Despite all this, (and the fact you can find her online at her website here), Anna remains one of the most humble and self-effacing people I've ever met. When I asked her for a bio, she sent me this:

There are for each of us, according to his turn of mind, certain books that open up horizons hitherto undreamed of and mark an epoch in our mental life. They fling wide the gates of a new world wherein our intellectual powers are henceforth to be employed; they are the spark which lights the fuel on a hearth doomed, without its aid, to remain infinitely bleak and cold. And it is often chance that places in our hands those books which mark the beginning of a new era in the evolution of our ideas. The most casual circumstances, a few lines that happen somehow to come before our eyes, decide our future and plant us in the appointed groove.

            — J.H. Fabre, The Hunting Wasps

This, then, is one of my very favourite people in SF:

Precious Things: Anna Tambour

My greatest literary treasure is the first book I ever read by myself--a collection of stories such as "The Little Red Hen" and "The Brownies' Circus" and poems such as "The Owl and the Pussycat", "Who Has Seen the Wind?", and possibly my greatest influence for making me a committed and possibly committable satirist, A.A. Milne's immortal "The King's Breakfast" whose glorious illustrations are as important as the words (as are the illos for all the other stories and poems here, including "The Little Red Hen"). 

This book taught me the joy of music in language, the heights simple linework illos can reach--as well as making me sad for children of today who are so often barraged by unnecessary intrusions about the creators themselves. I didn't give a fig about not knowing the others or the disgracefully uncredited illustrators. I just read and gazed and thought about and further thought from this launch pad. 

The book itself is irrelevant to anyone else, but still reigns close enough to stare me down when I forgot how irrelevant I am.

Monday, January 09, 2017


Okay, I'm sick at home, and a whole bunch of my creative friends like this Precious Things ideas, and they've sent me their spiels already. Sooooooooooo...... that's enough of an excuse to pop another one up for our reading pleasure, isn't it?

Donna Maree Hanson is a Canberra-based writer of fantasy, science fiction, horror, and under the pseudonym Dani Kristoff, paranormal romance. Her dark fantasy series (which some reviewers have called ‘grim dark’), Dragon Wine, is published by Momentum Books (Pan Macmillan's digital imprint). In April 2015, she was awarded the A. Bertram Chandler Award for ‘Outstanding Achievement in Australian Science Fiction’ for her work in running science fiction conventions, publishing and broader SF community contribution. Donna also writes young adult science fiction, with Rayessa and the Space Pirates and Rae and Essa’s Space Adventures out with Escape Publishing. In 2016, Donna  commenced her PhD candidature researching Feminism in Popular Romance. Her first Indie published book, Argenterra, was publishing in late April 2016. Argenterra is the first in an epic fantasy series (the Silverlands) suitable for adult and young adult readers. You can find out more about Donna at her website, but for now, here is the story of her literary treasure.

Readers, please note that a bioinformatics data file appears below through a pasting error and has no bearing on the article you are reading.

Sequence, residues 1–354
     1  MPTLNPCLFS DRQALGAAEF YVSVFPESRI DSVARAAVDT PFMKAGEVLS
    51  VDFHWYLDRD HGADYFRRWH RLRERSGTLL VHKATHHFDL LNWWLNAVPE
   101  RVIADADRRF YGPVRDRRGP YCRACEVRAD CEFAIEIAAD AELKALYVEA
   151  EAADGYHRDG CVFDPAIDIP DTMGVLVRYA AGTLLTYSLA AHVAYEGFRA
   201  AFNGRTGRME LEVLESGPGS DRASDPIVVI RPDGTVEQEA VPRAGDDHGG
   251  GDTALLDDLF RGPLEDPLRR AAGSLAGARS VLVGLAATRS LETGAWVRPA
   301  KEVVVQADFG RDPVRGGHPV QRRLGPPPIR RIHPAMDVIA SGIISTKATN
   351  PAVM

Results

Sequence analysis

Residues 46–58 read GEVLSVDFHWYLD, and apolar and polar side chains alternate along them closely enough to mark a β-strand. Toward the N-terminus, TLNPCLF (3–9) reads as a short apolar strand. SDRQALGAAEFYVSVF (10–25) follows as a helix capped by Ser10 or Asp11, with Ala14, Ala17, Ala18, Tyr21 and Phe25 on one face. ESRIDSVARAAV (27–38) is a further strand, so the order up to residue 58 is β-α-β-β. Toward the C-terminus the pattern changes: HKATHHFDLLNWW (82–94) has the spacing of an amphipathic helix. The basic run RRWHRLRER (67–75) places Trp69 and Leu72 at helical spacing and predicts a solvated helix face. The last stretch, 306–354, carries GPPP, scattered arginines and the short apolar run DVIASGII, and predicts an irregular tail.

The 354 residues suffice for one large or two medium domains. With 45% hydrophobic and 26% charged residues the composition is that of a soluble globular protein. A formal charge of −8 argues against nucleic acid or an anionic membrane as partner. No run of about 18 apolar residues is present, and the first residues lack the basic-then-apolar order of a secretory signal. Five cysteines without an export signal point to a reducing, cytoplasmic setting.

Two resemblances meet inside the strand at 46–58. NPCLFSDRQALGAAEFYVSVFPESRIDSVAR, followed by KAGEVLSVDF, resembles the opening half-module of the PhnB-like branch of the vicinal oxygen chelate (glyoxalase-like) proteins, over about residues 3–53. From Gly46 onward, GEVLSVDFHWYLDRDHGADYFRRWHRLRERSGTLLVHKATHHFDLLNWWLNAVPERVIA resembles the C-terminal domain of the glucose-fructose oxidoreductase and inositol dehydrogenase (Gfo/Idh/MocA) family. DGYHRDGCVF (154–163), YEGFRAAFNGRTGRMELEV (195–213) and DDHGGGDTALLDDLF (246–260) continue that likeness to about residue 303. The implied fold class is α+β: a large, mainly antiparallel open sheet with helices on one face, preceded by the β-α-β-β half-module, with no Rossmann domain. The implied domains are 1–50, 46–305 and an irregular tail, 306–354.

Precious Things: Donna Maree Hanson

Lee asked: what is your most precious literary treasure? What is your most precious literary possession? Tell me its story. Tell me why it's so precious to you, and what it means to you.

This is a hard question. I don’t think I have any from my childhood like Lee does. I read but it wasn’t until I was nineteen that I really started to read again. I’ve always loved science fiction, which at that time was television: Star Trek; UFO; Blake’s 7; etc. In film, it was Star Wars that blew me away. So for books, I started with science fiction mainly. Asimov’s Foundation series took my brain apart and reassembled it, but at the time a lot of the content was over my head but it led me to read more SF that the local library had.

One day, though, a young friend gave me Stephen Donaldson’s Lord Foul’s Bane to read. I was 23 years old. I remember saying to him that I couldn’t get into it. He said just keep reading…and I did. Oh my God! I lived and breathed that book and the rest of the series. It changed how I thought about the world. (Now at that time I hadn’t read Lord of the Rings. Get it! I didn’t know that Donaldson had borrowed extensively from Tolkien.) I went around hugging trees, thinking that world was full of life, and I’d gaze at horse thinking back to Thomas Covenant and meeting the mythical horses and how he could feel them with his senses.